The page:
10 Tips on using your AIS

Here are 10 tips on using your AIS

1. Get to know your icons

The icon displayed on the screen of your chartplotter tells you about the type of AIS target.  Raymarine’s latest update gives many more target options than the two above.  A safe target may turn into a dangerous target when the vessel comes within your closest point of approach (CPA) based on it’s speed and course.

2. Dangerous Vessels

On most chartplotters you can setup what constitutes a dangerous vessel.  You can configure the Closest Point of Approach (CPA) and the Time to Closest Point of Approach (TCPA) that suits your vessel type and speed.  For example, you may wish to consider any vessel which will come within 0.5NM and with a time of 10mins to be a dangerous vessel.  Any target meeting these criteria will be marked as a dangerous target until it is safe to return to be displayed as a normal target again.

3. Vessel Alarms

Configuration of an alarm that sounds when a AIS target becomes dangerous is a good idea if navigating a channel at night or with poor visibilty, however during busy periods in good weather, this may become annoying with a lot of AIS targets in the area. Being able to turn the alarm on/off easily is a good feature to have available.

4. Radar Overlay

AIS is not a replacement for radar, however it certainly helps with identifying targets on the radar screen.  Allowing more information to be known about a target with a simple click.  SOG and COG data available via AIS can confirm the track and speed of a radar target without needing to activate a MARPA target on the radar or watch the screen to keep track of its movement. This is an especially important tips on using your AIS.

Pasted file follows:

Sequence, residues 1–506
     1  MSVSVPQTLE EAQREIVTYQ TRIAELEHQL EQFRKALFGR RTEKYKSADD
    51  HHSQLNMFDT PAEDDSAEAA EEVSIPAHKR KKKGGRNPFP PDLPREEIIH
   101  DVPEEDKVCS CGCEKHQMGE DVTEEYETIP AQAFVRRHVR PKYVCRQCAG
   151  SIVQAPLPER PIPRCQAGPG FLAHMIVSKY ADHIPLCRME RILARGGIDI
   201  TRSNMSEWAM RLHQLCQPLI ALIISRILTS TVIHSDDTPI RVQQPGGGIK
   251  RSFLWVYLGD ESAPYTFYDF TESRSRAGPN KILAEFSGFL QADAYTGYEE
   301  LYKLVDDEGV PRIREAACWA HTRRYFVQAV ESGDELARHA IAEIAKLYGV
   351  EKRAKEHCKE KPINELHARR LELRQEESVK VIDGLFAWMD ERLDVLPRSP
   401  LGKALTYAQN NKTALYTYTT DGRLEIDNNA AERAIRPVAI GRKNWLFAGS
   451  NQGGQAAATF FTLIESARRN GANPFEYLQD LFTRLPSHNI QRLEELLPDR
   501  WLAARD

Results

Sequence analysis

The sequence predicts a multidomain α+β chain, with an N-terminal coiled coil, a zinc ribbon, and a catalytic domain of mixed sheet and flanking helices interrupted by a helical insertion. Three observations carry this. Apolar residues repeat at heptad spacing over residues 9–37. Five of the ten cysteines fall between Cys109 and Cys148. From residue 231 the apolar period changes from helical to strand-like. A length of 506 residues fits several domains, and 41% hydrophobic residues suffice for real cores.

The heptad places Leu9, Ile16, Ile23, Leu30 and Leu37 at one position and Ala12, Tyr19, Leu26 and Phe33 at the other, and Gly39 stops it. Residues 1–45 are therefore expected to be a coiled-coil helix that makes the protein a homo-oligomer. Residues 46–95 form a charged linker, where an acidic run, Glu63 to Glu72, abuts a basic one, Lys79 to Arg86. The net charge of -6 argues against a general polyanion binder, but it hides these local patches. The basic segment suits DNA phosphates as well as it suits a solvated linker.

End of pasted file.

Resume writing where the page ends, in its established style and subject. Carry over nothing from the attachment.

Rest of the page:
5. Extension Lines

Most chartplotters have the ability to display “extension lines” from an AIS target showing the projected COG of the vessel.  You can configure the time period for the projected course also.  In the example above the plotter may be set to 10mins which shows the projected position of the target in 10mins time. Based on it not changing its course or speed.

6. Silent Mode

Em-trak Class B transceivers/ transponders come with the facility to be put into “Silent mode” whereby the device then becomes a receiver only for AIS. This can be useful in crowded waterways or if you wish to go incognito for a while.  Picosense have created a stylish AIS transponder silent mode panel switch

7. Linking with a VHF Radio

It’s possible to link your plotter to a DSC enabled VHF radio so that you may transmit a DSC call straight to a vessel by tapping on it on the screen. NMEA2000 models, like the Em-trak B900 series tend to do this seamlessly.  

8. Online AIS

Apps such as Marine Traffic can provide a somewhat false impression.  These take AIS signals received by a range of shore stations, and publish the positions online.  While useful when in range of mobile data services, they are not a substitute for a proper AIS installation on board.  Utilising these online apps does not provide any collision avoidance while on board.  

9. Last Position Report

If you are actively watching an AIS target, most plotters will display the time since last transmission.  It is worth monitoring this, as if the time keeps increasing the actual position may be very different.  This is especially critical for fast moving vessels. A lost target icon will appear after a certain time period has passed.

10. Dealing with Clutter

Sometimes things just get very cluttered and on days with good visibility you may wish to disable AIS targets on the screen to assist seeing other data. You may configure it to just show dangerous targets also.  It is also known that the idea that large vessels operating with Class A AIS units filter out class B devices is not true and operators of these larger vessels particularily wish to see small Class B enabled vessels in close range.  

How useful is AIS?

Installing an AIS transceiver/transponder won’t act as a complete “ship repellent” and keep big ships away from you – it’s still best to stay on your guard. But what it will do is add another level to the other precautions we take – radar reflectors, nav lights etc, – and increase the possibility that you’ll be seen.

Hopefully these 10 tips on using your AIS have provided you more confidence in using your AIS.